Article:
Hello, Gawjus!: Funny Girl brings the audience to its toe-tapping feet

Katerina McCrimmon as Fanny Brice. Photo by Evan Zimmerman

This. Is. Sheer. Perfection. Seldom do you hear a critic say these words, but it was hard to find fault with the great production value of this show. This bittersweet comedy is the story of the indomitable Fanny Brice, a girl from the Lower East Side of NYC who dreamed of a life in theater. Everyone told her she’d never be a star, but then something funny happened—she became a beloved leading performer. Theater life isn’t all glamorous, however. Brice shares a stormy marriage with entrepreneur Nicky Arnstein, a serious gambler, during the WWI era. The second she opens her mouth, you discern leading lady Katerina McCrimmon has an angelic, melodic voice with a pure, much larger sound than her tiny frame. She’s got a tone you could listen to all day, and her comedic delivery is impeccable. Perhaps her story mimics Fanny’s in some ways, as she is blowing audiences away with her performance. She owns the stage every moment she’s on it. That’s immensely impressive considering this was McCrimmon’s first major production. Wow. Just, wow. Perhaps this one should’ve been billed A Star is Born!


Every cast member exhibits skill with euphonious voices. You’ll surely recognize one of the most iconic scores of all time by Jule Styne and Bob Merrill. Based on the original classic by Isobel Lennart, Funny Girl has been called a love letter to the theatre, having the whole shebang! The sensational Broadway revival dazzles with one of the most celebrated musical scores of all time, including the classic songs, “Don’t Rain On My Parade,” “I’m the Greatest Star,” and “People.” Stephen Mark Lukas portrays Arnstein with the macho aura of a man with a secret. His voice is also powerful and impressive. Melissa Manchester, who is celebrating 50 versatile years in entertainment, portrays Mrs. Brice, Fanny’s mother. If only she had a singing part that showcased her natural ability for which she’s so famous. While her acting and comedic timing were just fine, we couldn’t help but wish we could hear her belt out a tune or two. Alas, the smallish part did not allow for this.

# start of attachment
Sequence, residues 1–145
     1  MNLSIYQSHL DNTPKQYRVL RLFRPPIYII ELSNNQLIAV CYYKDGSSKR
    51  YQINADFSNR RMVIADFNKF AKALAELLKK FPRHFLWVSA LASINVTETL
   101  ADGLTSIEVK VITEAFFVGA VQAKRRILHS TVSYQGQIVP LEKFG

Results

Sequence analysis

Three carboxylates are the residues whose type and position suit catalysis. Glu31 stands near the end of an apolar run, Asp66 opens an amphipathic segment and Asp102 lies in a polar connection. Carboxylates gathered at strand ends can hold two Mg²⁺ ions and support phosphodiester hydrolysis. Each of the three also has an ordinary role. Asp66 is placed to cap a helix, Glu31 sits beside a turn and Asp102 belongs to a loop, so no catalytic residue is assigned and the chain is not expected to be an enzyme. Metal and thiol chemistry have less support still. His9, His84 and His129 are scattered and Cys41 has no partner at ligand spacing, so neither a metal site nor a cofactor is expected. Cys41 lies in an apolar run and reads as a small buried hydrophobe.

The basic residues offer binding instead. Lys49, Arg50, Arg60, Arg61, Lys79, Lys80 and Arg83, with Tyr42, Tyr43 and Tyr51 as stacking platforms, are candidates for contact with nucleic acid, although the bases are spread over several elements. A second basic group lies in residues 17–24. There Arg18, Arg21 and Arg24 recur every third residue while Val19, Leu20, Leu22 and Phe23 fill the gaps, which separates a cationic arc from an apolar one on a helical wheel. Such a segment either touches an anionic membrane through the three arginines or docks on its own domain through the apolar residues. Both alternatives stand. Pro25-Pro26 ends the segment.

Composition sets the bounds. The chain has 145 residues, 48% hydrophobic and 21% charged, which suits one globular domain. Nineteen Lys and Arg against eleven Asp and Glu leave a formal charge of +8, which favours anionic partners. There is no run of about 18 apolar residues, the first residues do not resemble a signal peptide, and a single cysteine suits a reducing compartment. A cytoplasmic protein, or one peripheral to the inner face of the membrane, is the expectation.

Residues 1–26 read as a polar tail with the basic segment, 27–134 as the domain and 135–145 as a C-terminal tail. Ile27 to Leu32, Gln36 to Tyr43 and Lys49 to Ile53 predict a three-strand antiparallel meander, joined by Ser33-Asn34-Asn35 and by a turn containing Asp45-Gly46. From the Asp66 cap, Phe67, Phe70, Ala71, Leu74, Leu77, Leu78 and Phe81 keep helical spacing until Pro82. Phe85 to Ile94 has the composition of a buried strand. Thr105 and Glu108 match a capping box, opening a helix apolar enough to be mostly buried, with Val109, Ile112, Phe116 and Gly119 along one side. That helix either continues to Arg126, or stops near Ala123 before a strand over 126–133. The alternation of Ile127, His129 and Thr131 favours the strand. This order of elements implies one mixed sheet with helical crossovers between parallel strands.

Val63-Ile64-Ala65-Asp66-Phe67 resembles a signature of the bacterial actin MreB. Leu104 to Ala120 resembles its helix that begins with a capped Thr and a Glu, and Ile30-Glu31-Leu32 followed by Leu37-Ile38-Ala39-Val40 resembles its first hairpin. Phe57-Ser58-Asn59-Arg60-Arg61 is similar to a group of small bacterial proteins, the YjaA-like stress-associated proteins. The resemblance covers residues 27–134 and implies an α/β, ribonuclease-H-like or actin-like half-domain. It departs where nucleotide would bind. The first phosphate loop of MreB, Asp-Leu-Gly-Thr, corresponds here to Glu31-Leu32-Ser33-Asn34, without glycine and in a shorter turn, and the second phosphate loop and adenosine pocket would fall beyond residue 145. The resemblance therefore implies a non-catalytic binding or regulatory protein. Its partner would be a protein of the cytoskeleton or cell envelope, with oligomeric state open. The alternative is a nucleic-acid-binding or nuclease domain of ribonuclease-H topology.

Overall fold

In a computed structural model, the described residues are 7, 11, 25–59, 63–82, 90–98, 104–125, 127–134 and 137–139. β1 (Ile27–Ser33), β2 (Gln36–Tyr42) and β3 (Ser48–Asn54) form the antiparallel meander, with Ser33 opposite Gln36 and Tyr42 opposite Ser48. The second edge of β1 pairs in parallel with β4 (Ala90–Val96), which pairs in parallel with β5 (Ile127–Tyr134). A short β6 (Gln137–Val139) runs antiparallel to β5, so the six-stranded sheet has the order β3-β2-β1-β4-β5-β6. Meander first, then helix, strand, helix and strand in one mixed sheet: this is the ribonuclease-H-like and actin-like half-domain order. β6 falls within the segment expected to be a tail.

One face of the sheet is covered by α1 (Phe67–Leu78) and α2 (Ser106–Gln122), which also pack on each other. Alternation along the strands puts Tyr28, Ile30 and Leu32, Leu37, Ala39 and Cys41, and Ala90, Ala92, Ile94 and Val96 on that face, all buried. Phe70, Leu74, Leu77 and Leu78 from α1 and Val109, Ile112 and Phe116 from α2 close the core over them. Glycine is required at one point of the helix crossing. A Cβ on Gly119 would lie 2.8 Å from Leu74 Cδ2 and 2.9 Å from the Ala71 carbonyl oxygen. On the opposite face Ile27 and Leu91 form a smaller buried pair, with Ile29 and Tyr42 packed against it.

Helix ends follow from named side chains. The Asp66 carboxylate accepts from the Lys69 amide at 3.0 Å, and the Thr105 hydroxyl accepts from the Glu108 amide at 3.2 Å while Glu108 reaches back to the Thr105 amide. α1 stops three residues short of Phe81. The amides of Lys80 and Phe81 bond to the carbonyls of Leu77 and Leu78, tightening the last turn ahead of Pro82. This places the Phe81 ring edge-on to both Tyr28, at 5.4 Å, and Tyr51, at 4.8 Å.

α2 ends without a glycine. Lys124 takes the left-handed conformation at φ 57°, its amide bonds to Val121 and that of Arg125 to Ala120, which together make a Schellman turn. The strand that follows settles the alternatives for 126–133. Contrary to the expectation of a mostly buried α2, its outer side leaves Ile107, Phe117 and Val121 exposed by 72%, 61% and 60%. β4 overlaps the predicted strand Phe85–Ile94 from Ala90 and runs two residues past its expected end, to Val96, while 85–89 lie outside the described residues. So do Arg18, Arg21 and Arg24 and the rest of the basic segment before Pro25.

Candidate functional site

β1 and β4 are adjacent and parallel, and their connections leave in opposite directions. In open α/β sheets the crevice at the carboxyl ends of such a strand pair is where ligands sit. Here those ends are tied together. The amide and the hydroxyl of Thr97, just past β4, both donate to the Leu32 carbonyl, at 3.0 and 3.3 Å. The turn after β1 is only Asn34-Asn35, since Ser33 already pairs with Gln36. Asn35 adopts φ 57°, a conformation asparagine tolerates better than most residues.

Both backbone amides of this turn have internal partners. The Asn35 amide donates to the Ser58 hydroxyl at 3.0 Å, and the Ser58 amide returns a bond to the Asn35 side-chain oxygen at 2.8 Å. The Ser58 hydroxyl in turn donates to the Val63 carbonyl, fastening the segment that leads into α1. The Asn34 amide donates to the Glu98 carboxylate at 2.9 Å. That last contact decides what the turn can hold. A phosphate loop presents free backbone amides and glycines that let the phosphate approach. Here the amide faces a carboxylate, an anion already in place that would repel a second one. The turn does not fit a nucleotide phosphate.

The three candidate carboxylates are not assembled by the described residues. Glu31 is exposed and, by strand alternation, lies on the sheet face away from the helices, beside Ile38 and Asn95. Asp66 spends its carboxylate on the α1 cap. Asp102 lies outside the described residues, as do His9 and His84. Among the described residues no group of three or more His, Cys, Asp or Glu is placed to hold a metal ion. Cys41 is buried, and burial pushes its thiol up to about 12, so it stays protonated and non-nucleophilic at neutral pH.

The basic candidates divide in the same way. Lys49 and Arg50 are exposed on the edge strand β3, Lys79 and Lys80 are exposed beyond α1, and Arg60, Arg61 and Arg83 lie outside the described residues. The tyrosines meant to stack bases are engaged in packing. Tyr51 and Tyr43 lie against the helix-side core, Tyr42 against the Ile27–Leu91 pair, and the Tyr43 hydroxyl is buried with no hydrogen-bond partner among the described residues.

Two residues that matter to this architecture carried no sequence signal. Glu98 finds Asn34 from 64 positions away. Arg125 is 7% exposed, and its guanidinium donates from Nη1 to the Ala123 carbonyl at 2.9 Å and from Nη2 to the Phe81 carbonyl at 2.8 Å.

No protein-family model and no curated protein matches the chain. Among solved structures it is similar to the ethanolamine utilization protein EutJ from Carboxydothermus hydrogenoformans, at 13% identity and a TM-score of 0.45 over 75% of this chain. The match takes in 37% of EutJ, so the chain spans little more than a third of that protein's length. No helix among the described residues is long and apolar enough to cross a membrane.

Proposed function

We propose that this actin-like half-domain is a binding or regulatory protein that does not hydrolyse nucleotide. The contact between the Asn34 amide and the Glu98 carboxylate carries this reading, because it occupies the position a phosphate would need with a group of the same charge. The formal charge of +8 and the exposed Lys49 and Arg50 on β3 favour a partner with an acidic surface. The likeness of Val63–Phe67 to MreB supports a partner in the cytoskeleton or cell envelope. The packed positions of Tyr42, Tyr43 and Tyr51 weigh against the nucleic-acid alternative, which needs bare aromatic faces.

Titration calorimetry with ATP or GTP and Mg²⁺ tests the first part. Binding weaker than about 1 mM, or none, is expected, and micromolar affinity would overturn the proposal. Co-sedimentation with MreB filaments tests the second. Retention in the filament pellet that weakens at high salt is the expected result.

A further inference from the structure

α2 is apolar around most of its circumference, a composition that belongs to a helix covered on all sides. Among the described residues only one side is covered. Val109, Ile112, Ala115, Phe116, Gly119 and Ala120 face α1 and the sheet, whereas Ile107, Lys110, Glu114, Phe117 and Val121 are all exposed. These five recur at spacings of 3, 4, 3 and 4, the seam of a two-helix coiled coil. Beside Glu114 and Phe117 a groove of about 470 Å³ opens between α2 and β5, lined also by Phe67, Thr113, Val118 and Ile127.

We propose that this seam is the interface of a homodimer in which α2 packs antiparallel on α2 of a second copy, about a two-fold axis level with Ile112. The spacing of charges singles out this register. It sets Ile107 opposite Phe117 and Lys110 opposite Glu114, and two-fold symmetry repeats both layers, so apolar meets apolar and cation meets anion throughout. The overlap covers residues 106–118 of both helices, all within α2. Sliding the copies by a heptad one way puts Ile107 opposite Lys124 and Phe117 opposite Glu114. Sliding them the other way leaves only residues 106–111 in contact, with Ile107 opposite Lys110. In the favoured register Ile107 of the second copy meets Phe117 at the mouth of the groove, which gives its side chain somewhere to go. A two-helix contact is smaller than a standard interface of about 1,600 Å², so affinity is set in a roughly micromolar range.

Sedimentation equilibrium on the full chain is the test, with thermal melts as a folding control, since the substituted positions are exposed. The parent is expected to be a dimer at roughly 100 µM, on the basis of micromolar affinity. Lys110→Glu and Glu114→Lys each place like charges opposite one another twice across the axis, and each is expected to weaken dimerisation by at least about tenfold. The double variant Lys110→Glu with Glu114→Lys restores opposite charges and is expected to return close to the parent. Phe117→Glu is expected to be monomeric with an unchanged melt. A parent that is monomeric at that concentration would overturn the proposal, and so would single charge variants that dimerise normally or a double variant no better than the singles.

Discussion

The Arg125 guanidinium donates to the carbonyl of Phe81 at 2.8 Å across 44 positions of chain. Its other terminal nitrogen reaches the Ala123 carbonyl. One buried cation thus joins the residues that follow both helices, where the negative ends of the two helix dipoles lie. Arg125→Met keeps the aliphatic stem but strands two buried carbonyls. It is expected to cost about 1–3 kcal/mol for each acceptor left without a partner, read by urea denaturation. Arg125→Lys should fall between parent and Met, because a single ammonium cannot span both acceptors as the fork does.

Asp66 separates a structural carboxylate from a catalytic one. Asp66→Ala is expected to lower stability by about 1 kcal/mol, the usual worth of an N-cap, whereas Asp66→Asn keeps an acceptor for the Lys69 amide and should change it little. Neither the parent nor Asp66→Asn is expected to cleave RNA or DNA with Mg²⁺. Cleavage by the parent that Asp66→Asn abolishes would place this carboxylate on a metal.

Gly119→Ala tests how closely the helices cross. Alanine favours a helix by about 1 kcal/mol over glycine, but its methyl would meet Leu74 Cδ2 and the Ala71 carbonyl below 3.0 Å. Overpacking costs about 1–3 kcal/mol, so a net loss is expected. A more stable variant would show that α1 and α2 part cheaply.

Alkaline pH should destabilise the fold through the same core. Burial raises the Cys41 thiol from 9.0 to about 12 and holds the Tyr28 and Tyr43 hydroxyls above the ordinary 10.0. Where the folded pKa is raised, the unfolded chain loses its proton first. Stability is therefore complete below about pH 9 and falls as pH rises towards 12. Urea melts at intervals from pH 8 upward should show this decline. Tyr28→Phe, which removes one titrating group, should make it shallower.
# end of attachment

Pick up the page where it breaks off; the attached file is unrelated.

Featuring sensational tap choreography by Ayodele Casel, spot-on choreography by Ellenore Scott, and direction from Michael Mayer, you’ll surely appreciate the dynamic, spirited dancing in this production. Let’s face it, tap dancing at this point feels like a bit of nostalgia from the days of old. Seldom do we see this type of choreography anymore. Enter Izaiah Montague Harris, who could tap his way into anyone’s heart. The cheers raised the roof each time he performed his magic!Music Director Elaine Davidson provided the flawless, seemingly nonstop melodies throughout. Clever lighting design by Kevin Adams is also impressive. The lights constantly change to keep pace with every new thought, memory and movement. Scenic design by David Zinn gives us the NYC brick-face skyscape typical of that timeframe, with lots of beautiful furniture from that era. Stunning costumes by Susan Hilferty keep you staring in awe. The dancer’s costumes are especially dazzling and spectacular. It’s a must-see sensation!